With Covid shutdowns in their rearview mirrors, the organizers of the New York International Auto Show (NYIAS) were back on track this year. As has been their scheduling regimen, there were two press days on the Wednesday and Thursday before Good Friday, with the public days running from Good Friday through the Sunday after Easter. I was again able to attend on a press pass (issued to “Richard of Richard’s Car Blog” for the first time), and unlike my previous experiences, the show was completely set up on Wednesday. (Previously, attending on a press day meant dodging cars and displays being maneuvered into place by NYC union workers.)
As was noted in the blog post from the 2022 NYIAS, the traditional in-person auto show is dead, but only for some manufacturers. Notable by their absence were BMW, Mercedes-Benz, Volvo, and Mazda. Surprisingly, some corporate nameplates were there while sister brands were not. So we had Chevrolet, but not Buick, Cadillac, or GMC; Honda, but not Acura; Nissan, but not Infiniti; VW, but not Audi or Porsche; and Ford, but not Lincoln. Yet big splashes were made by Stellantis (Dodge, Chrysler, Jeep, Ram, Fiat, and Alfa Romeo), Toyota (including Lexus), and Subaru. The Koreans were there in full force, with cars from Hyundai, Kia, and Genesis. (It is worth noting that Audi and Porsche each had a small four-car display provided not by the manufacturer but by a local dealer.)
Compared to last year, there was a dearth of EV start-ups. INDI and VinFast, both with vehicles on display in 2022, were MIA this year. However, both the main level and lower level had more real estate devoted to EV test tracks, where willing attendees could hitch a ride in an EV. It is, of course, their lack of an emissions-spewing tailpipe that makes it possible to run them indoors.
The show was a case of extremes, with a significant segment of the wares devoted to our EV future, while large pickups and SUVs were also dominant. Many of the trucks showcased the outdoor lifestyle, equipped as they were with tents, cargo boxes, and bike carriers. Subaru was the leader this year in promoting this theme, as their press conference began with an overview of Subaru’s dedication to AWD, enabling owners to take their cars far off the beaten path.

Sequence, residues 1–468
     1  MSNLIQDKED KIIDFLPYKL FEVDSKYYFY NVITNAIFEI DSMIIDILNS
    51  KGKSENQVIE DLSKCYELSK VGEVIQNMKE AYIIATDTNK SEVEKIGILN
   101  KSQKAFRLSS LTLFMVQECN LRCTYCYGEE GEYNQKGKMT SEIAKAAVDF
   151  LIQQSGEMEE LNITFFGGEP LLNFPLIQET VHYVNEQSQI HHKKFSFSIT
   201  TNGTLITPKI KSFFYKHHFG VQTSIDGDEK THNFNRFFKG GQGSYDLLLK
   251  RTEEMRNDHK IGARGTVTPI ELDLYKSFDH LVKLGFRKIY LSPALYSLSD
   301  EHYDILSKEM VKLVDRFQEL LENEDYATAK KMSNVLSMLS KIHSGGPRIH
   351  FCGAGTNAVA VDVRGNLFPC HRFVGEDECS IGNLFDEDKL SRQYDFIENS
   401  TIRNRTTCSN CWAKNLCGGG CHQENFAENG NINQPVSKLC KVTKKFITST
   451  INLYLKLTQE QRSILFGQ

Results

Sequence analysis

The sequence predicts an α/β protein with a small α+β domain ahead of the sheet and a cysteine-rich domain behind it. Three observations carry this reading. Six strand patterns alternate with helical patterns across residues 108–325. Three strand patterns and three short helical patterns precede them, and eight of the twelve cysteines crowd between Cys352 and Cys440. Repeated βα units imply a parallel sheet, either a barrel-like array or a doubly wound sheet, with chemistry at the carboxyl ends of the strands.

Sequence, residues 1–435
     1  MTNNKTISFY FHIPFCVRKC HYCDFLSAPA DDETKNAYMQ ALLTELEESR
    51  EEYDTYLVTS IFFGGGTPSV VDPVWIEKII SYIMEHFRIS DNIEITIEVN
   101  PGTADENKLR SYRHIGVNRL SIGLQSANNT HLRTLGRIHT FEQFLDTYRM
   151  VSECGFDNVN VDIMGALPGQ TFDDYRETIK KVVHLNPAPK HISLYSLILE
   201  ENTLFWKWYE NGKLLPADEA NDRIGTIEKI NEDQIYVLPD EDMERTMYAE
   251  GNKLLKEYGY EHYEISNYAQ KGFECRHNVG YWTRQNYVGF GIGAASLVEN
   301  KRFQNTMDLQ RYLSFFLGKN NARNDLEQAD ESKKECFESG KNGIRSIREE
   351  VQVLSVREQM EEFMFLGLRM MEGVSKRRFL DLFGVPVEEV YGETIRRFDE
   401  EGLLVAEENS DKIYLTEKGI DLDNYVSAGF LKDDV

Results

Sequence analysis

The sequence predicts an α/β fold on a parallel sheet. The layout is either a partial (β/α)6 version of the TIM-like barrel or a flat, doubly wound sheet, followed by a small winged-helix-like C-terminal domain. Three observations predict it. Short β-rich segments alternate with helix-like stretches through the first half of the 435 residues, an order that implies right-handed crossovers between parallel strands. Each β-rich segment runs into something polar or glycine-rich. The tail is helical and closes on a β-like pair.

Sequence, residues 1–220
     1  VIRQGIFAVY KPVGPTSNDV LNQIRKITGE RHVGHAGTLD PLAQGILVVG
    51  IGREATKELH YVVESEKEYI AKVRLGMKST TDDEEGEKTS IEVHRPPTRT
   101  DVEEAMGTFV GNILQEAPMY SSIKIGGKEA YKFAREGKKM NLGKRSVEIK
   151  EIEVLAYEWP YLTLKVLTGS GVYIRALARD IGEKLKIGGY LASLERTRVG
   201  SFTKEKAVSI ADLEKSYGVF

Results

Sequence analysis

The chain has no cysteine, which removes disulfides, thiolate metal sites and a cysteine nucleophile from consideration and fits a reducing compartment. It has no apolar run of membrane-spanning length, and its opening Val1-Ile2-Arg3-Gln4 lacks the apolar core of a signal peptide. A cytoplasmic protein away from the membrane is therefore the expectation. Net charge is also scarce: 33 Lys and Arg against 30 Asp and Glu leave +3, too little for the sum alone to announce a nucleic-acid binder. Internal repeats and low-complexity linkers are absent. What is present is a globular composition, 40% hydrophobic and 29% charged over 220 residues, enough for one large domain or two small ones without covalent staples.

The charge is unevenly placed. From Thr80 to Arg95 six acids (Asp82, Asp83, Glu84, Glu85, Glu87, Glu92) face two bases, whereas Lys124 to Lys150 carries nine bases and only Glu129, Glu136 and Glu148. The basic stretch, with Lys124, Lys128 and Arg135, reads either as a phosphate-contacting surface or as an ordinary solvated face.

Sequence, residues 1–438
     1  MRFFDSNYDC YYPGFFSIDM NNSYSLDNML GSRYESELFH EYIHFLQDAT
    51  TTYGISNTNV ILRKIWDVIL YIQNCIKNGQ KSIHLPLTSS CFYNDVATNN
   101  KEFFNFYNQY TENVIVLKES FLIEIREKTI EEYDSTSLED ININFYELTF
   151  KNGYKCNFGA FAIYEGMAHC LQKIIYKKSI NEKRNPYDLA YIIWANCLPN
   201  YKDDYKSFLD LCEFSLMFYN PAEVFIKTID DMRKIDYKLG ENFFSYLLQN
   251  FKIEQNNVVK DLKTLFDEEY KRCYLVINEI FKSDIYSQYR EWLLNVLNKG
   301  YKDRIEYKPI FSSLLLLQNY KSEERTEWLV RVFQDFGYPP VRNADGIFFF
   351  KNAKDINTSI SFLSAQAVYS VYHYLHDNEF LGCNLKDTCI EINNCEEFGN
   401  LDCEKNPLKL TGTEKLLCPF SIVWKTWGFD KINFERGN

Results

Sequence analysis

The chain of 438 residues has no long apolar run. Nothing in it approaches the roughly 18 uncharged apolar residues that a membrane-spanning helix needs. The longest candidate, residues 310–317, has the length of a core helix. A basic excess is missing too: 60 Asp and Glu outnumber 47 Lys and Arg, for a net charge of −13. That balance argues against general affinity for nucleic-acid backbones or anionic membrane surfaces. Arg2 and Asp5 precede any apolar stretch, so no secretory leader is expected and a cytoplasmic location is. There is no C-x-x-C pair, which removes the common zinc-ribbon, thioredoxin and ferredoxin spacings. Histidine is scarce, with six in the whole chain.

Additional detail from the show is included as part of the photo displays below.
The F-150 Lightning was a large part of Ford’s display, as were both Mustangs: the ICE coupe, and the EV SUV. Various Broncos and pickups showed off their rugged, off-road personalities
Chevy did their best to make it look like it was the domestic EV leader, with many soon-t0-be-released EV trucks on display. The problem: these vehicles are not for sale yet. The EV Silverado was there, same as last year, but still isn’t in any showrooms. However, the one Camaro on the floor represented an end to an era, as the Camaro pony car will soon be no more. Not to be outdone, the Corvette E-Ray was there, looking identical to its ICE siblings. For those who crave maximum size on a body-on-frame platform, the Suburban continues to exist.
As the only domestic manufacturer with a full lineup of its brands on display, Stellantis stood out. It helps that the Ram and Jeep brands have great products and are selling well. A surprise to me was the Dodge Hornet, which I knew to be a brand-engineered version of the Alfa Romeo Tonale. The Hornets on display looked great, and even better, had impressive interiors with inviting seats I hadn’t expected to find in a Dodge. I predict that the Hornet will do well and will handily outsell the Tonale, especially given how little Alfa seems to market its cars in this country.
The RAM REV EV pickup is a disappointment, looking almost nothing like the stunning concept truck which had been shown at the CES a few months prior.
My vote for best-looking vehicle at the show: the Charger Daytona EV concept:
The Hyundai Ioniq 6 is a striking-looking four-door sedan in a world full of SUVs.
The I.D. Buzz, looking like the same one I saw last year, was here again. One of the more clever displays was the lifted I.D. 4, exposing the EV battery “skateboard”.
A large section of the bottom floor was devoted to what looked like a club-sponsored display of JDM (Japanese Domestic Market) cars, perhaps three dozen in all. They were segregated by decade, and it was clearly some of the older ones which grabbed my attention.
EMBLEMS AND BADGES
THE GRILLE WARS CONTINUE
WHAT I DREADED TO SEE IN MY REARVIEW MIRROR IN 1972:
All photographs copyright © 2023 Richard A. Reina. Photos may not be copied or reproduced without express written permission.